if you’re taking the main trail, it is three miles round-trip to the Emerald Pools. And I believe that includes seeing all three of the pools. This is the route I took in 2015. Whichever way you take, the first part of the hike is pretty similar just on opposite sides of the pools (this is on the left if you’re looking at where the pools are.)
In the winter, the main trail may be closed and the Kayenta Trail to the Emerald Pools will be the route you have to take. This route is 2.4 miles round-trip so it is a little bit shorter, which is nice. You can go this way any time of year though, not just in the winter.
Is the Kayenta Trail to Emerald Pools hike hard?
I would say it’s moderate. It’s pretty par for the course in Zion since most of the hike start by the river and go up. Both routes have about 630 feet of elevation gain. It’s definitely easier than Angels Landing and The Narrows, the two most popular hikes in Zion.
Is the Kayenta Trail to Emerald Pools worth it?
Yes! For the most part. I would skip this if it hasn’t rained recently or if there isn’t really snowmelt happening. The waterfalls are what really made this trail so beautiful for me.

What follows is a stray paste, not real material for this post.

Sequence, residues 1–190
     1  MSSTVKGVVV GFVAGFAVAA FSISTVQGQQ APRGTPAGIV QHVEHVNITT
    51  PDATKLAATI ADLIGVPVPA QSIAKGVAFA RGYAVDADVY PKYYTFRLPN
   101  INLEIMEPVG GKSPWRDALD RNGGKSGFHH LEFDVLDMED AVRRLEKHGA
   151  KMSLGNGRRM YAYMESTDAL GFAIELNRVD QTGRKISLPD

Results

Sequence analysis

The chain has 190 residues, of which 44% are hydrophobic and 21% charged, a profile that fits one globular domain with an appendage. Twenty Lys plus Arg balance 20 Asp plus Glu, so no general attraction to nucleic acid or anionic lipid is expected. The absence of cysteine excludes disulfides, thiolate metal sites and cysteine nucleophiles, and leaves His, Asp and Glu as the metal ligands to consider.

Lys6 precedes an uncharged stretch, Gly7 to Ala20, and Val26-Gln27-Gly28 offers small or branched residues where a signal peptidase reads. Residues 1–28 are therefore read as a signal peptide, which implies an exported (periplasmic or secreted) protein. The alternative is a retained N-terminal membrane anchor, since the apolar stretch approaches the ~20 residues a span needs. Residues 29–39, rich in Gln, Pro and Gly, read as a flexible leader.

It’s ok without them but not as good. You may be able to see some of them from the road but some of them were pretty small. I didn’t love it the first time I did it (early July 2015) but I loved it in January 2022.
If you’ve only got one day in Zion, I’d pick other things I think because there are better trails and this is also a very busy trail, especially in the summer.
What’s the best time to hike to the Emerald Pools?
This is tough to say, but I would go with spring, winter, and late July-September because these all seem like the times there would be either snowmelt or rainfall that would create all the waterfalls we got to see.
The hike is still nice without the waterfalls, but I also definitely remember not being as impressed the first time I did this hike when there were no waterfalls. It wasn’t bad but our winter hike was waaaaay better.
The main Emerald Pools Trail can sometimes close in the winter if there is a lot of ice on the trail but then you should be able to get there via the Kayenta Trail, which is what we had to do. They are pretty much the same difficulty.
As for time, I think afternoon/early evening would be best because it will be shady on the inner part of the trail, if that makes sense. The upper pool was fully shaded which was nice.
Emerald Pools Trail photo gallery
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Have you hike to the Emerald Pools in Zion? Which route did you take? What did you think of it?